# as WAV files. The file extensions that these codectypes correspond
# to must also be present in ‘extensions’
# configuration value, or files are not probed in the first
# place.
#
# Valid codectypes:
#
# mp4a – for AAC (.aac, .mp4, .m4a, .m4p)
# mpeg – for mp3
# wav – for wav
# wma – for wma
# ogg – for ogg
# flac – for flac (.flac, .fla)
# mpc for musepack (.mpc, .mpp, .mp+)
# alac for alac (.m4a)
#

ssc_codectypes = ogg,flac,alac

#
# ssc_prog (optional)
#
# Program that is used in server side format conversion.
# Program must accept following command line syntax:
# ssc_prog filename offset length …
# Parameter filename is the real name of the file that is
# to be converted and streamed, offset is number of bytes
# that are skipped from the beginning of the _output_ file
# before streaming is started, length is length of the song
# in seconds (or zero). All other possible arguments must
# be ignored. The resulting wav file (or the rest of
# the file after initial seek) is written to the standard
# output by the ssc_prog program. This is typically
# a script that is a front end for different conversion tools
# handling different formats.
#

ssc_prog = @[email protected]/bin/mt-daapd-ssc.sh

#
# logfile (optional)
#
# This is the file to log to. If this is not configured,
# then it will log to the syslog.
#
# Not that the -d switch will control the log verbosity.
# By default, it runs at log level 1. Log level 9 will churn
# out scads of useless debugging information. Values in between
# will vary the amount of logging you get.
#

logfile = /var/log/mt-daapd.log

#
# rescan_interval
#
# How often to check the file system to see if any mp3 files
# have been added or removed.
#
# if not specified, the default is 0, which disables background scanning.
#
# If background rescanning is disabled, a scan can still be forced from the
# “status” page of the administrative web interface
#
# Setting a rescan_interval lower than the time it takes to rescan
# won’t hurt anything, it will just waste CPU, and make connect times
# to the daap server longer.
#
#

#rescan_interval = 300

# always_scan
#
# The default behavior is not not do background rescans of the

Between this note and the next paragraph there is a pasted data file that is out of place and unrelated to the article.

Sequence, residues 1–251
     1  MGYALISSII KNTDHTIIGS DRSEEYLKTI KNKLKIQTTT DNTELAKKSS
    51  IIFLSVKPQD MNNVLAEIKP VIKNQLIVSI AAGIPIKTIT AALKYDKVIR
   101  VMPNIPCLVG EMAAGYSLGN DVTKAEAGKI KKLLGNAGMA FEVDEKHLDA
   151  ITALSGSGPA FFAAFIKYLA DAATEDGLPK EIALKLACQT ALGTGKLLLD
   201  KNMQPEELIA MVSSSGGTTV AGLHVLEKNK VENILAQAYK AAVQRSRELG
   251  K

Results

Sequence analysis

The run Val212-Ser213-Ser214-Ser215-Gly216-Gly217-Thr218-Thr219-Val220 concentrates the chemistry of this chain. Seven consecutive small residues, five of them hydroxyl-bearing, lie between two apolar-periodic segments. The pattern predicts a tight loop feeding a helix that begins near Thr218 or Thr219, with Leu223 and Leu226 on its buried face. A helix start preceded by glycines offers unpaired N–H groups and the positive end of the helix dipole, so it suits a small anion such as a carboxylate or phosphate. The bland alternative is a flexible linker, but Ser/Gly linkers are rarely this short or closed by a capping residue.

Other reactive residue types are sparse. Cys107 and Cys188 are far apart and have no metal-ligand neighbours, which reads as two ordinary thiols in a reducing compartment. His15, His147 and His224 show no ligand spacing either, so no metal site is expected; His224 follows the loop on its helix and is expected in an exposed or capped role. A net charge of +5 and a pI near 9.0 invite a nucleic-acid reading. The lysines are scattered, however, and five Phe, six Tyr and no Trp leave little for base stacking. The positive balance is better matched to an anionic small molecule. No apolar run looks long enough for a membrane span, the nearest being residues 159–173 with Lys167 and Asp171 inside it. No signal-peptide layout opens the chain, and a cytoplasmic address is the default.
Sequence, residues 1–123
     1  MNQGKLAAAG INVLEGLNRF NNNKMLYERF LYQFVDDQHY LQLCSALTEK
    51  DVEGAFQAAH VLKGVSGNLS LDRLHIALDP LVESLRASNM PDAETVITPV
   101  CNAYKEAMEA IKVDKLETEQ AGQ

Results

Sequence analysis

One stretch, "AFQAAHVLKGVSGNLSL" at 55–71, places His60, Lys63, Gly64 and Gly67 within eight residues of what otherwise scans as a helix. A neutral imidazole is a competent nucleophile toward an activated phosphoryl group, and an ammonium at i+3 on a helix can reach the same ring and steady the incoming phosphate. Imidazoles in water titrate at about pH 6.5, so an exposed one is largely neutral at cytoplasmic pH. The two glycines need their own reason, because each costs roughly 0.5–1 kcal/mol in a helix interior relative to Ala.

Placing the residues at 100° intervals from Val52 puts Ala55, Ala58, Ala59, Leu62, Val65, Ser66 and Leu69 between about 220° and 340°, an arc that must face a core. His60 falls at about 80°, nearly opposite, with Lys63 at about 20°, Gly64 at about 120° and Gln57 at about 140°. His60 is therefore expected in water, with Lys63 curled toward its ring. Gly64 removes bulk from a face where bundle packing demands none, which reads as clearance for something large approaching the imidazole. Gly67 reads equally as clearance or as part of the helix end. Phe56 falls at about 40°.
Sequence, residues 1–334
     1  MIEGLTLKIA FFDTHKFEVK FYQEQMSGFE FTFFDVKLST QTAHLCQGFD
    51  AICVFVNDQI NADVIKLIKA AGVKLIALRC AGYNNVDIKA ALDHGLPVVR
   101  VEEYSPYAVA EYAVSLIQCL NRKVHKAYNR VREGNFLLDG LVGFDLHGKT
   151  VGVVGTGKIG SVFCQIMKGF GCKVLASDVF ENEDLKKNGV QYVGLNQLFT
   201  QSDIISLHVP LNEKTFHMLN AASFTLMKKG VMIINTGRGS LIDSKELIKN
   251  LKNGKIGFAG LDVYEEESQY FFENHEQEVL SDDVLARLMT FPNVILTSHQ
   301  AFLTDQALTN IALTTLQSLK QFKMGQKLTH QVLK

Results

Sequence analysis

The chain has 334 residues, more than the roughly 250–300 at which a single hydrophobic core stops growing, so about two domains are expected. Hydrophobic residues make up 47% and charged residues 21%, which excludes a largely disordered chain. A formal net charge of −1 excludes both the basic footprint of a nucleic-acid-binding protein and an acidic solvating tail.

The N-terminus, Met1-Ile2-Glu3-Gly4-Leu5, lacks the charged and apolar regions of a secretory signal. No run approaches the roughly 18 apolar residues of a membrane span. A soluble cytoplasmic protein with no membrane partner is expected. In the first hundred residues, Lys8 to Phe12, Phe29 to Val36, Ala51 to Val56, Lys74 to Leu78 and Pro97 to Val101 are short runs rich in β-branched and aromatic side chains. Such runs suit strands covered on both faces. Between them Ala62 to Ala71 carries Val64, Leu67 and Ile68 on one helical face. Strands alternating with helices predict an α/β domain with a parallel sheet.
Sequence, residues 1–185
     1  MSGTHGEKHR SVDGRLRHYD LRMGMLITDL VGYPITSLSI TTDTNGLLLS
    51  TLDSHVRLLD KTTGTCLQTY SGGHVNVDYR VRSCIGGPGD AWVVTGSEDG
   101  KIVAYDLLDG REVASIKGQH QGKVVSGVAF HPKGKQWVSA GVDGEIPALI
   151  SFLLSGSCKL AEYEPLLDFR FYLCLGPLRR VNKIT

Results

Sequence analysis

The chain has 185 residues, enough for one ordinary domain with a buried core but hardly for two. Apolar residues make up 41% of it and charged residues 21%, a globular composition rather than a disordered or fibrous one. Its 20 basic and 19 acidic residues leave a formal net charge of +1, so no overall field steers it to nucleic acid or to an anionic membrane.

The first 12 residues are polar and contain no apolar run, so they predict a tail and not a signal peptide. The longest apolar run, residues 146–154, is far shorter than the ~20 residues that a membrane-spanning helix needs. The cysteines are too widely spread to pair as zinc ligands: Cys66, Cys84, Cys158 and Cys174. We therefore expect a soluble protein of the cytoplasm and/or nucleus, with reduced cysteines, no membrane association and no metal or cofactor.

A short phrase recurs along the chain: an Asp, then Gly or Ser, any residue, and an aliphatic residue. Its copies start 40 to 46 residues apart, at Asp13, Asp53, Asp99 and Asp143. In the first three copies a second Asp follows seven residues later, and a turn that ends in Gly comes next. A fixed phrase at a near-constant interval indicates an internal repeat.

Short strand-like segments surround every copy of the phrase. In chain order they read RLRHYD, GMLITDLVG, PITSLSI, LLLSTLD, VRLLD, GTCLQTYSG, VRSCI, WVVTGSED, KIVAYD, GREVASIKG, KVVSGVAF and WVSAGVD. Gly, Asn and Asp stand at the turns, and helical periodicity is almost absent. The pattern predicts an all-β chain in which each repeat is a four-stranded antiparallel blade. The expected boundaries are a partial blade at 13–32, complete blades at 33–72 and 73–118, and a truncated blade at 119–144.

# filesystem unless there are clients connected. The thought is to
# allow the drives to spin down unless they are in use. This might be
# of more importance in IDE drives that aren’t designed to be run
# 24×7. Forcing a scan through the web interface will always work
# though, even if no users are connected.

# always_scan = 0

#
# process_m3u
#
# By default m3u processing is turned off, since most m3u files
# sitting around in peoples mp3 directories have bad paths, and
# I hear about it. 🙂
#
# If you are sure your m3u files have good paths (i.e. unixly pathed,
# with relative paths relative to the directory the m3u is in), then
# you can turn on m3u processing by setting this directive to 1.
#
# I’m not sure “unixly” is a word, but you get the idea.
#

# process_m3u = 0

#
# scan_type
#
#
# This sets how aggressively mp3 files should be scanned to determine
# file length. There are three values:
#
# 0 (Normal)
# Just scan the first mp3 frame to try and calculate size. This will
# be accurate for most files, but VBR files without an Xing tag will
# probably have wildly inaccurate file times. This is the default.
#
# 1 (Aggressive)
# This checks the bitrates of 10 frames in the middle of the song.
# This will still be inaccurate for VBR files without an Xing tag,
# but they probably won’t be quite as inaccurate as 0. This takes
# more time, obviously, although the time hit will only happen the
# first time you scan a particular file.
#
# 2 (Painfully aggressive)
# This walks through the entire song, counting the number of frames.
# This should result in accurate song times, but will take the most
# time. Again, this will only have to be incurred the first time
# the file is indexed.
#

scan_type = 2

#
# compress
#
# Whether to use gzip content-encoding when transferring playlists etc.
# This was contributed as a patch by Ciamac Moallemi just prior to the 0.2.1
# release, and as such, hasn’t gotten as much testing as other features.
#
# This feature should substantially speed up transfers of large databases
# and playlists.
#
# It will eventually default to 1, but currently it defaults to 0.
#

#compress = 0

[plugins]
plugin_dir = /usr/local/share/mt-daapd/plugins

Thanks for all your help fizze, and good work ron